CLEVELAND — The last 17 months haven't been easy for many of us.
The pandemic altered our world in dozens of ways, but there are some silver linings, especially in the medical field. These come as a result of the technology inspired by pandemic need.
We learned to do so much at home, including visiting our doctors. Telemedicine is here to stay, and will help us take better control of our health.
But the mRNA technology of the Moderna and Pfizer vaccines is the real game changer.
"There's no reason to think that you can't use the immune system in the same capacity that we're using it now to combat COVID against other invaders that shouldn't be there," Dr. Gilbert Palmer, COO of Mercy Health Lorain, said.
Here’s how it works: mRNA vaccines are created by copying COVID's genetic code (RNA) from its distinctive spike. This messenger RNA gives your cells a recipe to make the spikes of the coronavirus, and those spikes cause your immune system to kick in and destroy them.
You don't get sick, because it’s not the actual virus. What's left over? Memory cells, so when the real COVID shows up, those cells remember how to make the antibodies to protect you.
The benefit? These vaccines can be made much faster than traditional ones. The technology is bringing hope to the fight against diseases.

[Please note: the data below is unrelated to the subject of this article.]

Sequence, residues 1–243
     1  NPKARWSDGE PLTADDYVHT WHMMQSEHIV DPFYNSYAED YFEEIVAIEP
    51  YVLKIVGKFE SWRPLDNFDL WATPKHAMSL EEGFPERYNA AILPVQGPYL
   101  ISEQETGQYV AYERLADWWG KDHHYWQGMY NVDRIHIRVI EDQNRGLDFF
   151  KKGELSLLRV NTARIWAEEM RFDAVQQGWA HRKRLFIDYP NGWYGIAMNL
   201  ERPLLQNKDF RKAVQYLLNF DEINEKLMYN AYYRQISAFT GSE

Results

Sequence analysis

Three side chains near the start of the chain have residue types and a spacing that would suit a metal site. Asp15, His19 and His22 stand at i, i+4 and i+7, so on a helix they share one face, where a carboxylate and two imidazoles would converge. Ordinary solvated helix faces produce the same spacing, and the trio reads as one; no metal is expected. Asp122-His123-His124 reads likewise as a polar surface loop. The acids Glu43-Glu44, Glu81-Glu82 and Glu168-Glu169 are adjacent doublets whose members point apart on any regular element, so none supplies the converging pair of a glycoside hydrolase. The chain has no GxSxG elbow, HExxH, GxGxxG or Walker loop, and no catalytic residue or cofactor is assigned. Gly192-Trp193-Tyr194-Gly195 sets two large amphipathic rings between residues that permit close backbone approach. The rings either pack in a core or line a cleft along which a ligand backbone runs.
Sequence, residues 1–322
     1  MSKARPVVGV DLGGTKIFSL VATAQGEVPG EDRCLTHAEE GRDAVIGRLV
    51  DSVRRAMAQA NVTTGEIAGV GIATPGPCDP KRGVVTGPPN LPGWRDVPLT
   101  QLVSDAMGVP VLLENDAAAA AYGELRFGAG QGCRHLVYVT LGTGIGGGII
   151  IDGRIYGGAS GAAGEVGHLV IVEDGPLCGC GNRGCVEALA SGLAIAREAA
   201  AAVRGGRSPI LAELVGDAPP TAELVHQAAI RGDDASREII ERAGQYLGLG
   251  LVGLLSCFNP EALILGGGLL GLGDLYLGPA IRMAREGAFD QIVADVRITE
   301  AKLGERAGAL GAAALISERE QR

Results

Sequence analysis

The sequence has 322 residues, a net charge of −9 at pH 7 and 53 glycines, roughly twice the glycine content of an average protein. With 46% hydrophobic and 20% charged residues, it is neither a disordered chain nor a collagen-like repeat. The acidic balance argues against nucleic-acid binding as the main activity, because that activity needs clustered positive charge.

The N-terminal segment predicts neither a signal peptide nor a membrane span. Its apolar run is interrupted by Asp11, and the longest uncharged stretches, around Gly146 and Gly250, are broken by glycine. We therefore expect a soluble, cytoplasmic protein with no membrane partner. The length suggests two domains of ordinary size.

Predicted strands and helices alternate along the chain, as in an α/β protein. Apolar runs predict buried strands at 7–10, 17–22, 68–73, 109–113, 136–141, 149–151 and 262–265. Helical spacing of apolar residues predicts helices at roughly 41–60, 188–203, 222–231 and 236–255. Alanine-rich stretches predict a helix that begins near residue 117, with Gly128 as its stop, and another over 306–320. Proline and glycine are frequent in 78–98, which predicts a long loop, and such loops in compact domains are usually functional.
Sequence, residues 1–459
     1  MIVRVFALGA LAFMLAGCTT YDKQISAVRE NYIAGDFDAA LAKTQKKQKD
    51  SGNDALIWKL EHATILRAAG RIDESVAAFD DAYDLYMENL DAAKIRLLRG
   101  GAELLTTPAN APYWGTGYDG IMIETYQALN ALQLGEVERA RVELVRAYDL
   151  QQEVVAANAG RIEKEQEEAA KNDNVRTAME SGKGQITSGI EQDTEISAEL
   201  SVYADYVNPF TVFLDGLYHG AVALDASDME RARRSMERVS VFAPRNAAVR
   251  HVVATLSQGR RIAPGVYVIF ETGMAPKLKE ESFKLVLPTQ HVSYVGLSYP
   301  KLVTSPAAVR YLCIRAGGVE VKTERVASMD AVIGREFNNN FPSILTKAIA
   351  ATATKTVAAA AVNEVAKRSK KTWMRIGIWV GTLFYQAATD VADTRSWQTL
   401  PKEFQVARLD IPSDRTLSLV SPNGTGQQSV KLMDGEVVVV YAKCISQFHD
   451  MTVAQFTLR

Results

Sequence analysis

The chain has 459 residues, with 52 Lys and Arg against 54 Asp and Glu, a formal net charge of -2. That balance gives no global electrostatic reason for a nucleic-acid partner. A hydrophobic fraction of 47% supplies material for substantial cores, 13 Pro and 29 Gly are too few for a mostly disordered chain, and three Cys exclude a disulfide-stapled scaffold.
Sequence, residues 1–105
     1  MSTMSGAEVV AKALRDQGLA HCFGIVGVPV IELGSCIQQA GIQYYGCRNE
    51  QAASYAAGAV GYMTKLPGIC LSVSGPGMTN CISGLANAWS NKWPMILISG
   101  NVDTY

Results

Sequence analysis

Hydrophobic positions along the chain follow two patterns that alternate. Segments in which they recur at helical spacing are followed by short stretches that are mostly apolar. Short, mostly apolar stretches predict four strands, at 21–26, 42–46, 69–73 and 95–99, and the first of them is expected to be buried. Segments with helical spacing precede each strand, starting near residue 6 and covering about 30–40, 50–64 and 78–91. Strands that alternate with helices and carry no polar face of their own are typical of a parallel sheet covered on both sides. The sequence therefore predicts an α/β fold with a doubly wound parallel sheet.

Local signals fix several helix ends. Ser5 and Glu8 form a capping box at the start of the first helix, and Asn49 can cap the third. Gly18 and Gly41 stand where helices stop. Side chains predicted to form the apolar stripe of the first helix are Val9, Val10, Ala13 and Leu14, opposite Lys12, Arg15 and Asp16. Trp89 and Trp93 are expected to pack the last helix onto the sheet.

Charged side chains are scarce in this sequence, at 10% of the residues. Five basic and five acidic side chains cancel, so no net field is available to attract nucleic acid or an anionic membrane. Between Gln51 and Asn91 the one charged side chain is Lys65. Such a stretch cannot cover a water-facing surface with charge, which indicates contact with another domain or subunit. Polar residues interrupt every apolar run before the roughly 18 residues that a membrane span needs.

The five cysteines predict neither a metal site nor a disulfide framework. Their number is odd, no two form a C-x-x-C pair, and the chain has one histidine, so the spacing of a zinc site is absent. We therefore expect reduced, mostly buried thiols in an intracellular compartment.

"I look optimistically at the next five to 10 years that so many of chronic diseases that we're managing, that would have been death sentences, to be nothing more than a couple of shots," Gilbert told 3News.
Hope for many diseases, including cancer, neurodegenerative diseases, even the lasting effects of COVID.
"I have brain fog sometimes," 17-year-old Drew Coffey says. "I can't sleep at night, anxiety, acid reflux and things like that."
Coffey is part of University Hospitals' new "long-hauler" clinic. He tested positive in January with a case he described as mild, but the symptoms never went away. For now, he can't go to school, and no one knows when he'll feel better.
"I think that's the scariest thing," Drew admitted. "We'd ask a bunch of questions, and they'd say, 'It's too new for us to know anything.'"
"There's so much money being poured into COVID right now, and with that COVID long-haul, there's a lot of research starting to open up," Dr. Amy Edwards, infectious disease expert at UH's Rainbow Babies & Children's Hospital, explained.
Not only could that research help those dealing with the lingering virus effects, but may also help people with other conditions. For example, Sierra Prindle waited seven years for a diagnosis to discover her calf muscle slipped and was crushing her artery in her leg.
"I went through hundreds of tests and it was the same test over and over," she said. "At first I felt like the first team of doctors I was using were just focusing on one thing and not branching out. If we had research on this, it could have been as easy as, 'This girl has left calf pain, let's do this.' That would help somebody in the future."
"If we can figure it out with COVID, not just what causes it but what works to make these people better, then maybe we can start to extrapolate that to some of those other illnesses, and those patients can start to get the help that they've needed for years and we've neglected to give them," Edwards added.
It may take years before we start seeing COVID-inspired treatments targeting other illnesses. However, the fallout from the pandemic definitely opened scientific minds and funding resources, which could very well eventually save more lives than the virus claimed.